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Energy efficiency remains priority for housebuilders

While Prime Minister, Rishi Sunak, may have announced a u-turn on Energy Performance Certificate (EPC) plans in September, we continue to see developers leading the eco charge, most recently with the launch of the Zero Bills Home.

This joint venture between Bellway Homes and Octopus Energy will see purchasers of new-build properties be able to live with no energy bills for a guaranteed five years - an estimated saving of £1,800 a year.

While sceptics might view the promotion as just another incentive by developers, given we have just heard that energy bills will rise once again come January, the scheme certainly seems to offer more than some former incentives, such as a new kitchen or a landscaped garden.


This Government appears to have nailed its colours to a mast that says sustainability is someone else's problem, so it wasn't surprising to see it not being a focus of the recent Autumn Statement.

Many in the housing sector, much like the car industry, however, had too much invested and were too far down the eco road to halt their plans following Sunak’s September announcement and it’s probably a good thing they haven’t.

Having seen first-hand Bellway’s experimental state of the art eco home, the 'Energy House 2' facility at the University of Salford, I have no doubt the Zero Bills Homes will make clever use of the latest green technology. 

Maintain momentum

In Energy House 2, for example, there was the capability to resell any excess energy generated from the solar panels on the roof of the property, or through the electric car charge, all managed cleverly through an app.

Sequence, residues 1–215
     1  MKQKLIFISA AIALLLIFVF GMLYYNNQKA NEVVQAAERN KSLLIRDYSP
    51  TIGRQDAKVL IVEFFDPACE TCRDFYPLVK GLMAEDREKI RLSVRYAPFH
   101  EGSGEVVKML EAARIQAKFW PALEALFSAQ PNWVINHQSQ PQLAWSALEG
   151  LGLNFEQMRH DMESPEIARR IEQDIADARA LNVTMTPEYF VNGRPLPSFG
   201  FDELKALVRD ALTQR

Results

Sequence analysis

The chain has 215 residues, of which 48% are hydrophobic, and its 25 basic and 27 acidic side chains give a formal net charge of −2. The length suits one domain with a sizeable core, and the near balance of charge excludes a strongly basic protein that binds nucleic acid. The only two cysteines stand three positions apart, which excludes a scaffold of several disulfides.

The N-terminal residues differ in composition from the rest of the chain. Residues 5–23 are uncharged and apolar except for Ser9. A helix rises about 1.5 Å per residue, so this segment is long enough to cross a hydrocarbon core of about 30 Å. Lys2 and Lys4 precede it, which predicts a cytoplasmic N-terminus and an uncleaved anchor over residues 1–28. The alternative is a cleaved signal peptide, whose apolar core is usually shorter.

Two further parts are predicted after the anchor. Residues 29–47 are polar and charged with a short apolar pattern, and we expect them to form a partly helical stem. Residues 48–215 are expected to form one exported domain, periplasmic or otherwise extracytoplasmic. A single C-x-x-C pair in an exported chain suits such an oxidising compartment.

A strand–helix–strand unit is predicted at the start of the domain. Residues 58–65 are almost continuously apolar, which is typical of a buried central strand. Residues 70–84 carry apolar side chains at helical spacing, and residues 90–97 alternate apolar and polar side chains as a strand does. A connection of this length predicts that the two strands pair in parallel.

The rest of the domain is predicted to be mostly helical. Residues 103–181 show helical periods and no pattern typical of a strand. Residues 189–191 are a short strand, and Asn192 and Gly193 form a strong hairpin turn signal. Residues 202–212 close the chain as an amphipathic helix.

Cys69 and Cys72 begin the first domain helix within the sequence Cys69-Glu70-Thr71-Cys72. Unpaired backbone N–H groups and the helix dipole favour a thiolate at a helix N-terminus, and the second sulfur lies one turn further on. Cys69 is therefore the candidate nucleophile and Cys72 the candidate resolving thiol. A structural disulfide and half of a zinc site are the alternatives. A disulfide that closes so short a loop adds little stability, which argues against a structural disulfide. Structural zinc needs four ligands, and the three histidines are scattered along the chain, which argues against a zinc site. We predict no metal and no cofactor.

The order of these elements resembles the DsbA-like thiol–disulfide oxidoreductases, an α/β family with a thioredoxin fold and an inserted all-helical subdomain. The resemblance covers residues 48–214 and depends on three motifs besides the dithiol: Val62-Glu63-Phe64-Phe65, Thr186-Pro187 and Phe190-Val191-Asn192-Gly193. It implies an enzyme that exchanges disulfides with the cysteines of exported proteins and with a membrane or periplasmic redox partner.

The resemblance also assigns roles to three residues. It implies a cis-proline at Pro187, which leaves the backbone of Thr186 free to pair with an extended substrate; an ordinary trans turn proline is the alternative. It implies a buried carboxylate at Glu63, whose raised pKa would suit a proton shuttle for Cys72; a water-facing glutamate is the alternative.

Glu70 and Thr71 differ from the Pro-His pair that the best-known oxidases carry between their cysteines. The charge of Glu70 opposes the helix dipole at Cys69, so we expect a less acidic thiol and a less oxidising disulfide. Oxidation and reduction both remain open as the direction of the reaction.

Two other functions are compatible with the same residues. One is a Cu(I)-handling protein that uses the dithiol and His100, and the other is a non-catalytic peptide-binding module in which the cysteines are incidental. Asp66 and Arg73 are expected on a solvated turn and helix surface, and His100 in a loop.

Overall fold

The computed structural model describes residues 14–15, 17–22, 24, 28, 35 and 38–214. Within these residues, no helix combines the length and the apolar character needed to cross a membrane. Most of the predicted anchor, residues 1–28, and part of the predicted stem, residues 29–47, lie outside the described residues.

Bellway is planning to bring three Zero Bills Homes to market by the end of the year at its Victoria Gate development in Stafford, with a further 250 planned in Bedfordshire for 2024.

While Sunak might have backtracked, it is vital we maintain momentum around energy efficiency, especially since plans could be reinstated if - or when - a new Government comes in.

A recent study from Lloyds Banking Group - The Housing Stocktake 2023 - reported that over four in 10 (42%) of landlords have now cancelled plans to invest in energy efficiency measures since Sunak’s u-turn, with over half (53%) saying they are less likely to invest in energy efficient changes in the future.

The report also sheds light on current concerns and attitudes among homeowners regarding energy efficiency measures. Its findings show that while nearly six in 10 homeowners think it’s important to make their property ‘net zero ready’ by 2035, over two-thirds - 69% - have not taken any action to make improvements in the last five years.

Cost was cited as the biggest barrier, with just one in five - 20% - of homeowners able to pay for the steps needed to ensure their home is ‘net zero ready’ by 2035. Other barriers for change include not knowing where to start or the inconvenience and hassle of building work.

Warmer and cheaper to run

Encouragingly, homeowners who had carried out work were positive about its effect. Almost three quarters - 73% - of homeowners who had undertaken retrofit work said their installation had performed at least as well as expected, with half - 50%-  stating the upgrades have performed even better than expected. Just over eight in ten - 81%-  would recommend retrofit works to friends or family, claiming the main benefits are that their homes are now warmer and cheaper to run.

The recent news that energy bills will rise on average by 5% in January may well spark interest in energy efficiency measures once again, and let’s hope it does, with housing one of the highest carbon-emitting sectors in the UK, it’s important we don't become complacent.

Government discussions on energy efficiency may have quietened temporarily, but I suspect it will not be long before the noise gets louder once more.


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